The questions at the fringe show why they are doing so within months of forming the Coalition. A councillor asked how they could avoid colossal losses in next year's local elections. Another pointed out that the Lib Dems performed better in elections as part of an anti-Tory alliance. A third questioner argued that the centre right was overcrowded and the Liberal Democrats must be clearly defined as party of the centre-left. There was concern from another questioner about too many millionaires in the Cabinet disconnected from the real life consequences of spending cuts. None of them called for the break up of the Coalition, but they are uneasy.
Huhne's responses were important, in some ways as significant as Clegg's speech that followed later in the afternoon. He stated unequivocally there would be no pact with the Conservatives at the next election. This got almost as big a cheer as his argument for coalition government as a matter of principle. I am certain there will be no such arrangement whatever happens in the years to come. In the 1980s the Liberals and the SDP fell out more over who should contest seats than any other issue and they were fighting as a single force. There will be no formal deal with the Conservatives over seats at the next election.
Huhne's response to questions about the deficit also conveyed the pragmatic instincts of a trained economist. He compared the current economic policy to steering a boat across the Mersey, arguing that, if the conditions change, the direction of travel will change too: "You assess these things as you go along". In other words, if Cameron/Osborne's rush to wipe out the deficit has an adverse impact on growth there could be a change of course. I have heard other Lib Dem Cabinet ministers make the same point in private. I wonder if their more ideologically committed ministerial colleagues will be so flexible.
Clegg's speech captured the nervy mood of his conference perfectly and was a partially successful attempt to address it. Wisely, he kept clear of jubilant proclamations about securing power. Instead he pleaded twice in the first few minutes for his party to hold its nerve. At the end too he urged the audience, and voters, to "stick with us". He cannot be accused of triumphalism. His case for what happened after the May election was convincing and compelling. His arguments on what will happen next were less so. He pointed out that a party does not choose the moment when power becomes possible or the economic context in which it is wielded. He asked them forcibly to imagine the implications for his party if he and others had walked away from power last May when the Conservatives were genuinely willing to make compromises.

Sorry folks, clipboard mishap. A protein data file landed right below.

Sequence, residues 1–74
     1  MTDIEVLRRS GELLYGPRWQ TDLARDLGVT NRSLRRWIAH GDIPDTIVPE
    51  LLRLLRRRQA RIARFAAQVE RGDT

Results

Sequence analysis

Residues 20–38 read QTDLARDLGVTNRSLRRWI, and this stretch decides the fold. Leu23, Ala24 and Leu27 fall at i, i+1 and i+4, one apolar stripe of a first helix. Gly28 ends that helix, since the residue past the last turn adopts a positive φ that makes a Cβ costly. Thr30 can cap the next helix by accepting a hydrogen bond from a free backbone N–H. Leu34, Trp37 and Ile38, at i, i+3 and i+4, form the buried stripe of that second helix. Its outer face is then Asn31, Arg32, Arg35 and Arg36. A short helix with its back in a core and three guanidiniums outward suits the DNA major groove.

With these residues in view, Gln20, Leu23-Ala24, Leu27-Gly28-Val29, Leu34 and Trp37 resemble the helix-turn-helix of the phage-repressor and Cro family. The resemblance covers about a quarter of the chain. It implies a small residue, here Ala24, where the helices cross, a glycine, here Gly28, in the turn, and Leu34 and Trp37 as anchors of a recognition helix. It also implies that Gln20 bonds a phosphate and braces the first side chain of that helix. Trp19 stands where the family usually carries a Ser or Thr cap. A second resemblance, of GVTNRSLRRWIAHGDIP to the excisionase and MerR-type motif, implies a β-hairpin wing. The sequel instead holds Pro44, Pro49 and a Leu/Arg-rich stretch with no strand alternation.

But his insistence that the speed and depth of cuts are necessary is the one that will be tested over the next few years. It will not be like the 1980s, he told his conference. He promised, also, that it was not an ideological attack on the size of the state. Let us hope that Huhne's pragmatism in the face of changing events applies in the coming years.
Post-election conferences are a poor guide to what will follow. After the 2005 election Charles Kennedy was leader of the Lib Dems and planned to be so for some time to come. Tony Blair was Prime Minister and had not indicated precisely when he would stand down. Michael Howard was leading the Conservatives as they prepared to elect a successor. The Liberal Democrats' conference next year, after the referendum on electoral reform, local elections and the first round of cuts, will be much more of a test for a leader who is confident he is making the right moves and for a party which is less sure.